One of the struggles of being on the LGBT+ spectrum is finding spaces catered specifically towards LGBT+ folks, that aren’t noisy nightclubs and boozy bars. This is an issue whether you live in a small town or a big city; small towns often have zero LGBT safe spaces, while the biggest city nearby might only have gay bars that are unsuitable for underage or sober people (or people who don’t simply identify as gay).
If you too have faced this dilemma, keep reading for suggestions on how to find (or start) substance-free LGBT+ safe spaces in your area.
1. Start a Club
Even if there aren’t any LGBT-centered spaces in your area, there are definitely LGBT people. Those people are probably just as interested as you are in having a safe space specifically for them! Start an LGBT-focused book club, or film review club, or any other LGBT-centric club of your liking, and meet up at the library or local coffee shops.
You can advertise the club in the same spots you meet, or on social media for a wider reach. Once word gets out about your club, more LGBT people will be inclined to join, and you’ll meet even more allies and friends.
2. Find a Community Center
I was absolutely thrilled when I found this website. Centerlink allows you to enter your zip code in order to find the nearest LGBT community center in your area, out of the 164 Centerlink community centers worldwide. I realize that when you look at the whole world, that’s not really a whole lot of centers.
However, Centerlink only shows LGBT organizations run by Centerlink itself. That means that plenty of other cities also have LGBT centers, they’re just not members of Centerlink. By simply googling the names of towns near me, plus LGBT, I found far more centers than I was able to find solely on the Centerlink website.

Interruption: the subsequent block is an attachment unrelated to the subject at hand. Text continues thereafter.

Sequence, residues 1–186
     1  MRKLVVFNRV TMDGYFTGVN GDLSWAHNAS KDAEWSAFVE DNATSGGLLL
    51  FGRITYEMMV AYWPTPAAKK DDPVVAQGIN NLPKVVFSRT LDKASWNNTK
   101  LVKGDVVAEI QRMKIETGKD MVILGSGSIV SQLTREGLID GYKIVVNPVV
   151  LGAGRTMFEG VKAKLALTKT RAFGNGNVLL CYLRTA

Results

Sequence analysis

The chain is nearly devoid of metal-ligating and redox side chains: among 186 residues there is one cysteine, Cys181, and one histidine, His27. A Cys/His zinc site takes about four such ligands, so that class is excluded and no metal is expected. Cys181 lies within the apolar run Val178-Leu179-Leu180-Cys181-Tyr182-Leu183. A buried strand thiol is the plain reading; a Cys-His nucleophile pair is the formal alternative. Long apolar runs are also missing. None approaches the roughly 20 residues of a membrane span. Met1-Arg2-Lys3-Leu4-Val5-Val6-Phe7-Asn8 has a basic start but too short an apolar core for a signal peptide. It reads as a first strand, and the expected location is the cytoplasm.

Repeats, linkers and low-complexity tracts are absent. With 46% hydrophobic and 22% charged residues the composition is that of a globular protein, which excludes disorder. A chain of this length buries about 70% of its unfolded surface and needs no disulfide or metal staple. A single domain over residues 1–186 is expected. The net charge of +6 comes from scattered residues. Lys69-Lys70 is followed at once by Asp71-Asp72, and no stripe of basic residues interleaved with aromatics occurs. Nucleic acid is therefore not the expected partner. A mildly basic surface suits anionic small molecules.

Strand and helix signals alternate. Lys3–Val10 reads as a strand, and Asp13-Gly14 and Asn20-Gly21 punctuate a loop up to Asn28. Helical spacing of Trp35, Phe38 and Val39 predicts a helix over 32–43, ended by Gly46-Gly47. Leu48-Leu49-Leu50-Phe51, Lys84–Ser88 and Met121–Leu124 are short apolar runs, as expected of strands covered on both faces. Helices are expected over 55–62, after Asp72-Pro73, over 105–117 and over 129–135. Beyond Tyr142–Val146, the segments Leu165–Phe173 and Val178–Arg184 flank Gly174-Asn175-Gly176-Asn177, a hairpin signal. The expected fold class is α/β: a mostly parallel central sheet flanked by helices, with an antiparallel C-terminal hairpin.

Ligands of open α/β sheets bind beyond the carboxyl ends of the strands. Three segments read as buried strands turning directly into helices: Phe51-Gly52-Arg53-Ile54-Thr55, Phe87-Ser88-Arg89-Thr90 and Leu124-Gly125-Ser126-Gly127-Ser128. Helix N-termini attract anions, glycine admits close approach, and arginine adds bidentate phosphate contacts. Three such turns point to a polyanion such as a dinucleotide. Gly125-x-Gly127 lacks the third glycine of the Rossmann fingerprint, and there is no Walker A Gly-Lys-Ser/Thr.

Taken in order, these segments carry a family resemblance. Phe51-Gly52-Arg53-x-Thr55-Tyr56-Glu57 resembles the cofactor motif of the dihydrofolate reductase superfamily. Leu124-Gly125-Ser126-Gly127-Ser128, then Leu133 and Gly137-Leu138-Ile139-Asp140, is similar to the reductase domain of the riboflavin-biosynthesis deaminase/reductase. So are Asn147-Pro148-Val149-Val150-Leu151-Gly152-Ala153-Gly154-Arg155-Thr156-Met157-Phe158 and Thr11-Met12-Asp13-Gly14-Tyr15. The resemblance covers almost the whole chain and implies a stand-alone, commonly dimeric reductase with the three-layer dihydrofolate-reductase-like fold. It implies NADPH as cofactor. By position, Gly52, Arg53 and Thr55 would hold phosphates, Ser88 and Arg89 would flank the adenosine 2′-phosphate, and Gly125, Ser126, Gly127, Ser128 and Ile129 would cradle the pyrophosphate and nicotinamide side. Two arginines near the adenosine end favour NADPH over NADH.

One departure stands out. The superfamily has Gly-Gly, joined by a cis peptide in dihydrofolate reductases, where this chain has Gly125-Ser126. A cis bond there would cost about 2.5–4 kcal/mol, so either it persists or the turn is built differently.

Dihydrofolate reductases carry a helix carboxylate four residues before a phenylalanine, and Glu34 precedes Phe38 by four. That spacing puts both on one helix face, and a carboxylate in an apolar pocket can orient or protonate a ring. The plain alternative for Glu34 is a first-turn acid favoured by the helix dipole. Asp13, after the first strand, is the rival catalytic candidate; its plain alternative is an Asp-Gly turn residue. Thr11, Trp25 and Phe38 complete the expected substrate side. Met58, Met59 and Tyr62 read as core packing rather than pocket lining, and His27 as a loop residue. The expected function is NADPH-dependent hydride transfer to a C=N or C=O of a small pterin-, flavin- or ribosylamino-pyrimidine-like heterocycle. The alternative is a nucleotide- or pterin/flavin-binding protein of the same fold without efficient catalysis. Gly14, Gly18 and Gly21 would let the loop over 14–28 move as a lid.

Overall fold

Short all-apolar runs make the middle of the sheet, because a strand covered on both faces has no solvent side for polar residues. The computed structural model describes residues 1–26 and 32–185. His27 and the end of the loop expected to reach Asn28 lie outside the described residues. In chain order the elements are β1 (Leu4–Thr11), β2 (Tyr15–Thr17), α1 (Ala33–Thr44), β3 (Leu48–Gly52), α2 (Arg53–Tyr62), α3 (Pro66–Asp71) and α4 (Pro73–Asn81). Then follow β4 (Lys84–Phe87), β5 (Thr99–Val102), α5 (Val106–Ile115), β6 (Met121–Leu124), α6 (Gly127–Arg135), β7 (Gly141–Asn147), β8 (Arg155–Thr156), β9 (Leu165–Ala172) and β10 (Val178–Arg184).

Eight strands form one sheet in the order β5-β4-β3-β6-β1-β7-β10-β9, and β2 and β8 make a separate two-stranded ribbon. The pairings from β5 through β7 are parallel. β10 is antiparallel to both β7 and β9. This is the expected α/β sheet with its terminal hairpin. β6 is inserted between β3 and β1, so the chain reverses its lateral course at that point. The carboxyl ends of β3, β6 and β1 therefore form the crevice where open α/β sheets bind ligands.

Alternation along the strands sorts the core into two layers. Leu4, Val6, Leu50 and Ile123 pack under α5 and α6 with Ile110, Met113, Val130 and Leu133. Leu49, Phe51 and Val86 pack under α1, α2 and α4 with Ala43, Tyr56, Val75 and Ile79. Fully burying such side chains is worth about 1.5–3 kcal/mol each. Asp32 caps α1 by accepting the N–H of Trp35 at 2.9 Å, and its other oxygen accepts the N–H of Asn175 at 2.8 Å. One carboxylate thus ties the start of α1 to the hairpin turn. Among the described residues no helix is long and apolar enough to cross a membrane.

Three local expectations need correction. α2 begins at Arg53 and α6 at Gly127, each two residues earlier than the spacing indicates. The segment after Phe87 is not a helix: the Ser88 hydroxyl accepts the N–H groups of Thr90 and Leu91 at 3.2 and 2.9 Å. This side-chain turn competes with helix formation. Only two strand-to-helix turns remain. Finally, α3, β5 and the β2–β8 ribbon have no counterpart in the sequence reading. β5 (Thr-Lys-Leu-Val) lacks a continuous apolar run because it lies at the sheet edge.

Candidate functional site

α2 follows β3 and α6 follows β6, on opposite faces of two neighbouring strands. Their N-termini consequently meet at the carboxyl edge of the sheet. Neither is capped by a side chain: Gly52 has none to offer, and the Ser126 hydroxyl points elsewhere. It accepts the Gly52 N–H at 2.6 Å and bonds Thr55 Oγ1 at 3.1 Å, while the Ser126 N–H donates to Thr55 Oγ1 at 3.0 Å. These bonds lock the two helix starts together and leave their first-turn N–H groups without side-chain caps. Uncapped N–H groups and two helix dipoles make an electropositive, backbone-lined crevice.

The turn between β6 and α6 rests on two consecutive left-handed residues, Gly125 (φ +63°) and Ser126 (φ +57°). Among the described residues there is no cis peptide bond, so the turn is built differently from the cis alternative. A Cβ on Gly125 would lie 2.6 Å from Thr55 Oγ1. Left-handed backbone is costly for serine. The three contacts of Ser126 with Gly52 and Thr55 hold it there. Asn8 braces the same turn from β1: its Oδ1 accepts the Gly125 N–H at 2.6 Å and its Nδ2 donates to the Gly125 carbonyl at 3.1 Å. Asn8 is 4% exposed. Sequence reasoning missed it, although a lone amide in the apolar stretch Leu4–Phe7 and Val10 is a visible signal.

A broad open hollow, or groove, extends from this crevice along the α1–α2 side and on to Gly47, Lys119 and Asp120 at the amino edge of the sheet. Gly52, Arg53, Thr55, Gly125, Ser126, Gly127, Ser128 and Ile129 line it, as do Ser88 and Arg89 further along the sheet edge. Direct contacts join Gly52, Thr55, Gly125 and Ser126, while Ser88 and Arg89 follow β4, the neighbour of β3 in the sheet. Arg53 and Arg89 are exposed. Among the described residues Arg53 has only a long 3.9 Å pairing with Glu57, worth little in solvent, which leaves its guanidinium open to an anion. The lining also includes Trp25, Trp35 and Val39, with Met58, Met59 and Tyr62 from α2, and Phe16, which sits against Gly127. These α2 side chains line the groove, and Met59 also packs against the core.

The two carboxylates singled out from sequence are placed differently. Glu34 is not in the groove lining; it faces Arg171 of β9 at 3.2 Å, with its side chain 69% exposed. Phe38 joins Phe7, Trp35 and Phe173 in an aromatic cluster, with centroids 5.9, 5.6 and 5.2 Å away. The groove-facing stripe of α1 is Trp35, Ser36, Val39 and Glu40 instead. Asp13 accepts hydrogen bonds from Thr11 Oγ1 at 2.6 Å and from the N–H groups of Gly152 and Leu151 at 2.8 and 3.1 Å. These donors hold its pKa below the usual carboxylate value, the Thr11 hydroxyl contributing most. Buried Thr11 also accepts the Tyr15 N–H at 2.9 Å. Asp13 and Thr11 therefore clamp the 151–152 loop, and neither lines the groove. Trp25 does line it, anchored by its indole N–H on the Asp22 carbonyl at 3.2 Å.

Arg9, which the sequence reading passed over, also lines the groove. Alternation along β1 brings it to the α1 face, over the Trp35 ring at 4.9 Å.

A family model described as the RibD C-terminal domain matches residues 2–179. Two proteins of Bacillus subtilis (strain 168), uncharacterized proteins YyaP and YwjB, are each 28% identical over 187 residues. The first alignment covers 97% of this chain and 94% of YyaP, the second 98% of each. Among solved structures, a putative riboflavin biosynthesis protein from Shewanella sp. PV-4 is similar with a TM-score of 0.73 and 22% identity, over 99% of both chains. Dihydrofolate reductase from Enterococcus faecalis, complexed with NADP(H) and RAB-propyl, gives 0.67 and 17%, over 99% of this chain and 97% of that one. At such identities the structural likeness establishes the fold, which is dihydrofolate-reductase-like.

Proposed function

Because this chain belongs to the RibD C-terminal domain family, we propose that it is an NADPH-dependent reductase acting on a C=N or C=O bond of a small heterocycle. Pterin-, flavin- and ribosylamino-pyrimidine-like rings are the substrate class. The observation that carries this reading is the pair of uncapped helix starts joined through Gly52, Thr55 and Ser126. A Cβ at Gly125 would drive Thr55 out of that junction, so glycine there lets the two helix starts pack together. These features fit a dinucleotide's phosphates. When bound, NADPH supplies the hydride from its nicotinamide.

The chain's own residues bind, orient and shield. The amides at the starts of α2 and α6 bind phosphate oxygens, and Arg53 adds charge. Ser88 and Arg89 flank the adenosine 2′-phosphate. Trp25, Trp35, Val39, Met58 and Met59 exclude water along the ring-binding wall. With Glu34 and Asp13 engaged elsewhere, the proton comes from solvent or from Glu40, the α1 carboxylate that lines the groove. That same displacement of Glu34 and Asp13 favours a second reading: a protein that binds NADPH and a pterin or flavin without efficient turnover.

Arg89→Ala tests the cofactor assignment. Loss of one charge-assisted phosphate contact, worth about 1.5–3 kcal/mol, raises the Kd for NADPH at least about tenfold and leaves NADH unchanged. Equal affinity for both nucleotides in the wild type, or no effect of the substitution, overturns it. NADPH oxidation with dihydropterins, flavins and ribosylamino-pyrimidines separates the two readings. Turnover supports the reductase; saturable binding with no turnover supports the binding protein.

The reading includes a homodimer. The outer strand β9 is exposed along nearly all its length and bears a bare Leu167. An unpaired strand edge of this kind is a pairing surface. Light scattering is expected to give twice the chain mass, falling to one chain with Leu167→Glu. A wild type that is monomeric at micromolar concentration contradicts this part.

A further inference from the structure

3. Take LGBT Classes
Many colleges, community and otherwise, now offer courses on LGBT history, rights, and culture. Not only are these classes a great way for you to learn more about gender and sexuality, they can also be a great place for meeting other LGBT students and professors!
Even if there aren’t many LGBT people in the class, at least you’ll know that everyone else there is a good ally, and that they too want to be educated on LGBT rights.
4. Look For LGBT Speakers
Read your local newspaper, and be on the lookout for LGBT speakers or performers coming to your area. Often events like these are held for little to no cost, and you’ll probably encounter other LGBT people in the audience, or allies of LGBT people.
If none of these options seem to work for you, try to remember that you are not the only LGBT person in your area, even if it may seem like it. If you need a little extra reassurance, just look at this study: apparently, roughly nine million Americans identify as LGBT. And even that number is a conservative estimate because the study itself is a couple of years old and doesn’t account for the number of LGBT people who are not publicly out.
I promise there is an LGBT safe space somewhere for you, and hopefully this article will help you find one. If you have already had luck finding LGBT spaces in your area, please share what they are and how you found them below!
Cover image courtesy of Shutterstock.